To the career military spouse who’s tired. I see you.

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I’ve learned something about myself as I made my way past my 20s and made peace with the middle of my 30s.

I may be older, *ahem* a little bigger, a touch wiser… I may have a slight better handle on my tongue and a stronger idea of diplomacy, but I am still who I am, and I can’t change her. I’m louder as the night goes on. I talk when I’m nervous. I make jokes when I’m uncomfortable. I rarely cry but when I do, it’s usually because *someone* left the country station on in the car.
I’ve accepted myself for me.

And what I seem to be, more and more, is tired.

I’ve been married to a soldier, the kind of soldier who lives his trade instead of just doing it, for over 15 years. We’ve seen war start and we’ve seen the country call for the ‘end’, the way politicians can call it that when people are still being shot. We’ve been posted across the country, we’ve been to funerals for friends lost in combat and friends lost to their own demons. We’ve spent Christmas’ over sketchy video calls and we’ve completely forgotten anniversaries. We’ve loved, celebrated, cried, fought, screamed until our throats were raw and fallen asleep on the kitchen floor.

This week we are rebuilding our fence. And when our older neighbor commented on Dh’s ‘youthful’ ability to pull out the fence posts himself (hey, those muscles need to be good for something other than looking hot in a t-shirt) I laughed because it’s more to do with stubbornness than youth. Which, now that I think of it, is basically how we are managing life these days. We may not be old, but the body of a 35 year old career soldier is probably in the same shape as the heart of a 35 year old career soldier’s wife.
Sore enough for a few lifetimes.

Friends, we’ve seen before that there’s no average Canadian soldier, but let me tell you. There’s no average Canadian military spouse, either.

Instead, there’s just us. And I bet I’m not the only one, because I see you, too.



I see you spend more nights awake than you care to remember. Sometimes to bring him home, sometimes to send him off. Sometimes because the news was on at the doctor’s office and you can’t remember which Afghan Province he said he’d be in that month but what if it’s that one?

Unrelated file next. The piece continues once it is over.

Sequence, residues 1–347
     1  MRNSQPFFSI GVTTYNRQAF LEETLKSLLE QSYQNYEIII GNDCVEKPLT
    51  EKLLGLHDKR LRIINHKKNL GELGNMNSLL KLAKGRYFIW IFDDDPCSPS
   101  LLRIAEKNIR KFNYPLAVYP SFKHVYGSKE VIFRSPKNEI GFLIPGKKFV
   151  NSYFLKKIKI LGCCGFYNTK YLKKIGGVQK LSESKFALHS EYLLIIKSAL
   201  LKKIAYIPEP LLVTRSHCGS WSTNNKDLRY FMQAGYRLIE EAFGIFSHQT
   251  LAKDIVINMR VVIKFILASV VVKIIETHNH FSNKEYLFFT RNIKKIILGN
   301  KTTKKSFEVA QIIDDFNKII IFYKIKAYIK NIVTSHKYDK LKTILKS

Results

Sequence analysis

Sometimes you’re awake even when he’s lying next to you, because you dreamed of the doorbell in the night. Again.

You’ve spent more birthdays, anniversaries, Christmas’ and Thanksgiving finding fun distractions for the kids than around the table with him. You’ve been dad at the Father Daughter night. You’ve held little hands at Remembrance Day ceremonies when the image of his dusty tear stained face as he carries his friend flashes on the screen during the montage of ramp ceremony photos. You’ve collected a hundred drawings and tucked them in an envelope even those times you had nowhere to send them.

You’ve gotten into fights over satellite phone call and when you’ve been lucky, over Skype. We’re basically a pro at the distance argument, aren’t we? We still remember the world before text messages and video calls, and mastered the art of the time delay conversation and the paper letters. You’ve memorized a service number and held your own against half the Brookfield agents from Alberta to Ontario. You’ve listed and sold houses, bought houses in 5 days on your own, and taken out a credit limit in his name just large enough to prove you must still love him, because he got back and you weren’t in Hawaii. You’ve even trailered and stored the motorcycle, heaven forbid it makes the list of things to get done before a last minute deployment.

You know how it’s easier to learn to make an entire ghuille suit by hand than it is to learn that when he’s looking for his rifle at 2am you just need to hand him a pillow and go back to sleep. How it’s 100% imperative not to touch the dress uniform, no matter how much easier it seems like it would be to just replace the patch yourself. How his own medals and commendations don’t seem to matter in the least to him, but he has so much pride in those of his brothers.